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Undergraduate Biological Chemistry

The Biological Chemistry Option of the Bachelor of Science Degree in Chemistry is designed to provide students with a basic understanding of the chemical principles underlying chemical and biological processes.

The program emphasizes chemistry infused with an orientation towards the biological sciences. Its central theme is a chemistry core strengthened by biology and biochemistry courses. The choice of suitable electives will help the student to prepare for work or advanced study in areas such as chemistry, biochemistry, biotechnology, pharmacology, medicinal chemistry, medicine and other health sciences.

What is Biological Chemistry?

Chemists who use the basic techniques of computational, inorganic, physical, and organic chemistry to study biological molecules often call themselves biological chemists. This is a wide-ranging and ever-changing definition. Biological Chemistry is at the core a fundamental and rigorously molecular study of synthesis, mechanism, and structure of the macromolecules and minimolecules of life. As one focuses still further on how ensembles of these biomolecules interact to make a living cell, one enters into the realm of Biochemistry. Many students trained as chemists successfully move into advanced research in the fields of Biological Chemistry and Biochemistry; in contrast, students trained as Biochemists rarely move into the more fundamental studies of Biological Chemistry.

Declaring the Major

The Biological Chemistry Option of the Chemistry Major is open to all Stony Brook undergraduates. Perhaps the ideal time to declare the major is at the beginning of a student's sophomore year. It is usually unwise to postpone the declaration past the beginning of the student's junior year. Students who wish to elect this major should speak to the Director of Undergraduate Studies.

Plan of Study

Freshman students usually begin their studies toward the major by completing their introductory studies in chemistry and mathematics. In the sophomore year studies in biology and organic chemistry are combined with mathematics and physics courses. In the junior and senior years, physical and inorganic chemistry courses are completed as well as a series of advanced organic and biochemistry courses.


Biological Chemistry is based upon research. This is why students in the major have so many laboratory courses required for their degree. However structured instructional laboratories cannot truly introduce students to independent research. For this experience the student must seek out independent research opportunities. The faculty of the Department of Chemistry welcome qualified undergraduate students into their research laboratories. These opportunities are especially suitable for students in their junior and senior years of study. Interested students should review the research interests of the various faculty members and then discuss the possibilities for independent study or research with the individual faculty members who have the research programs of greatest interest. Each summer there are numerous special research programs available at Stony Brook, at nearby Brookhaven Laboratory and at universities across the country, open to qualified students. Interested students should talk to the Director of Undergraduate Studies several months in advance.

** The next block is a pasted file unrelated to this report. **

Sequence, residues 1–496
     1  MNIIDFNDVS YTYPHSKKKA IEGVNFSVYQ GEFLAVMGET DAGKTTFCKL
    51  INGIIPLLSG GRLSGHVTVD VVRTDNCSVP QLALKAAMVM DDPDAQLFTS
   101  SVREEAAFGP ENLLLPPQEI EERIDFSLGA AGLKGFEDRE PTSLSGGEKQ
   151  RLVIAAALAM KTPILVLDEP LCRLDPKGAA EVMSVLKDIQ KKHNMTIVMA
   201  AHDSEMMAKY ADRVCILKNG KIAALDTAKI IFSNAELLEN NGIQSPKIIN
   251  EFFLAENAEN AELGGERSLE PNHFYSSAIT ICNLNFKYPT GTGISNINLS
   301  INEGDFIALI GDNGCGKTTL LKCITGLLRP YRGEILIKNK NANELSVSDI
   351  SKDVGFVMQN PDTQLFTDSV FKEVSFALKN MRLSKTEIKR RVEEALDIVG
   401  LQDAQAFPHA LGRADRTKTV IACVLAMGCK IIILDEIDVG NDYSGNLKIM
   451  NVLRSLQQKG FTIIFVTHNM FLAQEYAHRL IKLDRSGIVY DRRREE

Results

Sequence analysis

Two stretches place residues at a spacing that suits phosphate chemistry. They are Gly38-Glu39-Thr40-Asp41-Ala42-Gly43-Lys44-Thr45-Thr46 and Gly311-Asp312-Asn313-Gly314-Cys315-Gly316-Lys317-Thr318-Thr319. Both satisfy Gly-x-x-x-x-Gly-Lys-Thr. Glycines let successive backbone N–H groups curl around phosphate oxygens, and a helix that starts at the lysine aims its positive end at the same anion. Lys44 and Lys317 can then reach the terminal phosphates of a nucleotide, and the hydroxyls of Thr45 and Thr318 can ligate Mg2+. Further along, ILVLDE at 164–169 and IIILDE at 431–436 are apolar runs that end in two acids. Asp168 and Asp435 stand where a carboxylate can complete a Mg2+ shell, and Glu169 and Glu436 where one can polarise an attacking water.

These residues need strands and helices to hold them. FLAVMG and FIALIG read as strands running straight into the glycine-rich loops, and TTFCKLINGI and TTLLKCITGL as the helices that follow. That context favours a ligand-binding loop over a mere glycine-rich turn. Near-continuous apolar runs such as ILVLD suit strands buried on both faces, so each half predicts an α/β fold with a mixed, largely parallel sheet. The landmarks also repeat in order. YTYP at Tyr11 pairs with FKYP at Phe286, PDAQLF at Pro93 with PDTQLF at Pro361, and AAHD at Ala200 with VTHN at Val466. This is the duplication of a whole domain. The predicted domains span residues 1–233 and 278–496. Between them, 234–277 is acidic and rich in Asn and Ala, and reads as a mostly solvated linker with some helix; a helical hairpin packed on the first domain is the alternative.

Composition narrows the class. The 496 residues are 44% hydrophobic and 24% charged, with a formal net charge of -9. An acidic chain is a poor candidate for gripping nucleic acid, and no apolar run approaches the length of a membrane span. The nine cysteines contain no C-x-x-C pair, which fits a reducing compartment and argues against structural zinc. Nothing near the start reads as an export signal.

Students who have completed the Biological Chemistry Option are well prepared for entry level positions in many different industries. Such students are particularly attractive to the chemical industry, the pharmaceutical industry, the biotechnology industry and the various health care industries. The best jobs go to students with good records and with lots of laboratory experience, including research. Students who earn a degree certified by the American Chemical Society may have an edge (see next section). Many students choose to pursue graduate study in such fields as Chemistry, Biochemistry, Pharmacology or Health Science, at various universities around the nation. Masters degrees are usually obtainable after one and a half to two years additional study. Ph.D. degrees usually require four-five years study beyond the Bachelor of Science Degree. Graduate students usually receive substantial stipends throughout their period of graduate study.